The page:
The fact that the battles were all lost but the war is still being won by the evangelical feminists is some indication that there was no real interest in submitting to the Bible’s teaching. Their concern was to quiet their consciences and the consciences of those they taught by demonstrating that they had paid attention to the Bible, that they didn’t change the historic viewpoint of the church until they had come to understand what the Bible actually said. They would take great offense at my saying this, but the proof is in the pudding. They weren’t really interested in what the Bible taught. They already knew what they were willing to believe as modern folk. They made what case they could and hurried on. No one nowadays in those circles is much interested any longer in talking about what the Bible actually teaches in the important passages.


One of many demonstrations of the fact that this is what has happened is that the biblical work done by the so-called evangelical feminists to prove that feminism is in fact the teaching of the NT is respected by themselves alone. Liberal biblical scholarship doesn’t buy it. Liberals can often be very perceptive interpreters of Holy Scripture precisely because they don’t regard themselves as under any obligation to believe and obey what the Bible says. They can take a dispassionate view of the text because they don’t have anything at stake in it. If Paul taught the headship of the man and the subordination of the woman in marriage and church, so be it. It doesn’t mean that they have to believe or practice such things, for as modern people who have little regard for the Bible as the Word of God they feel no obligation to believe its teaching or obey its commands. Liberal scholarship knows very well that what the Christian church has always believed about the nature of gender and the relationship between men and women is what is actually taught in the Bible. They chalk it up to the Bible being a product of its time. In their view, too bad for the Bible. And that scholarship, for that reason, has been little impressed with certain evangelical efforts to prove that in fact the Bible’s message is feminist in eradicating significant distinctions between men and women. What I have come to think is the best commentary on 1 Peter in my possession, the one I have found more useful than any other, is written by such a scholar. He does not hesitate to affirm that Peter taught that same view of gender and calling that can be found in the rest of the Bible and which is that view that so offends modern sensibilities. It isn’t his view, but he knows it was Peter’s.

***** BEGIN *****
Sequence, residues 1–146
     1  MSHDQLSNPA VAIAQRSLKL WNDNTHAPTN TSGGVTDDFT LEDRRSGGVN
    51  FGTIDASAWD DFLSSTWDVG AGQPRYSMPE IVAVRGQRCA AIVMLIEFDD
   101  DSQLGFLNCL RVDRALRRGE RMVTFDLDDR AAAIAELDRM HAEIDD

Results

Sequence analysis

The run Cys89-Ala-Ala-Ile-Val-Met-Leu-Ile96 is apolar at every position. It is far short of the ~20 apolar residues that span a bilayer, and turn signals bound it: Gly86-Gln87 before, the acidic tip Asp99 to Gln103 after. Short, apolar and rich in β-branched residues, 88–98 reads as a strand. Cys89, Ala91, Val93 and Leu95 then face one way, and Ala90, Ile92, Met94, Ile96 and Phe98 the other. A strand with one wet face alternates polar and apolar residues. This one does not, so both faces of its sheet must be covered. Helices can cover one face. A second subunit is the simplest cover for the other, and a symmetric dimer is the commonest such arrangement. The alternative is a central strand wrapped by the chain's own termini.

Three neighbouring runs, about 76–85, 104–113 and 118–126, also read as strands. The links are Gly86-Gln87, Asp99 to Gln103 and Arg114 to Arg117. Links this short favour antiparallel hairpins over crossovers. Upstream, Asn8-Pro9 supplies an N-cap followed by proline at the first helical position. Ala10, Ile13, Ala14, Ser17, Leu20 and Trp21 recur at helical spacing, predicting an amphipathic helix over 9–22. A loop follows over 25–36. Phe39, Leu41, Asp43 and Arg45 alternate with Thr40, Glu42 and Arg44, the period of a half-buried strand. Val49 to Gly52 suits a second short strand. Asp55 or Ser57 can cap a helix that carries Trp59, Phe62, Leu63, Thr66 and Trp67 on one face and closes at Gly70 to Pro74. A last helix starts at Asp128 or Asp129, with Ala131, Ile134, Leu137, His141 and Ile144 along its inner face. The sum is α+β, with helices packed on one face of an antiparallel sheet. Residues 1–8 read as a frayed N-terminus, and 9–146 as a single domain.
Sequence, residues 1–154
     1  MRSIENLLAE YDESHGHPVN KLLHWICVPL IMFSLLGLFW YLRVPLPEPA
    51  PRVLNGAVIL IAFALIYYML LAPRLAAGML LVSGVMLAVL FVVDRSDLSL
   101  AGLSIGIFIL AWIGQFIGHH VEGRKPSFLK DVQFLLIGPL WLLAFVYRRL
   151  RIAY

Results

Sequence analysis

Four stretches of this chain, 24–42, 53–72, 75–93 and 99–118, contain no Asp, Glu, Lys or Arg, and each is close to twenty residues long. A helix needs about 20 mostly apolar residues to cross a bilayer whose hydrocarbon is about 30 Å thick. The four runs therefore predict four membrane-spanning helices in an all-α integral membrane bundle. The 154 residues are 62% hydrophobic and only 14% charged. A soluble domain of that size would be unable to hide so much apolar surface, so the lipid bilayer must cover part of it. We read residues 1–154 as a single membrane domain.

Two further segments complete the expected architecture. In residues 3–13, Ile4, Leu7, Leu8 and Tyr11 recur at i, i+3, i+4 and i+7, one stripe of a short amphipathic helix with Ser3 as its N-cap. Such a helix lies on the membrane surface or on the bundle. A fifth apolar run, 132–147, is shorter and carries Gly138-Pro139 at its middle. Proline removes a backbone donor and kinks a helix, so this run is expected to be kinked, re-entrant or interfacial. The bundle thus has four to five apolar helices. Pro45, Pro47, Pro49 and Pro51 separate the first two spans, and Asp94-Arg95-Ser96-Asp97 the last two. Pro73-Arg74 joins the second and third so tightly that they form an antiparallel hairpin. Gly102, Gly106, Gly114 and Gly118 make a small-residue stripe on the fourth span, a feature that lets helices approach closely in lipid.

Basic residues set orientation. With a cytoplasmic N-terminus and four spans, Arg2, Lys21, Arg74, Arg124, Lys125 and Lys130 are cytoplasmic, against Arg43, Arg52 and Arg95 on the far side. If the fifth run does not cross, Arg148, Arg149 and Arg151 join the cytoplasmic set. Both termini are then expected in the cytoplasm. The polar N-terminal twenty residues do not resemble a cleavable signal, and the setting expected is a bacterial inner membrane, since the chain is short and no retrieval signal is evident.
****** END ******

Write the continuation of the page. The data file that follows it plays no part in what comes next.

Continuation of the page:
But, enough of that. Peter doesn’t argue the distinction between men and women in calling and role here, he assumes it; he presupposes it as a fact both of revelation and life. He wants to say, instead, something directly relevant to the lives of Christian wives and husbands. Just as he told Christian slaves what, in their behavior, would be a fine thing in God’s sight; here he tells Christian wives what, in their behavior, would be “very precious” in God’s sight.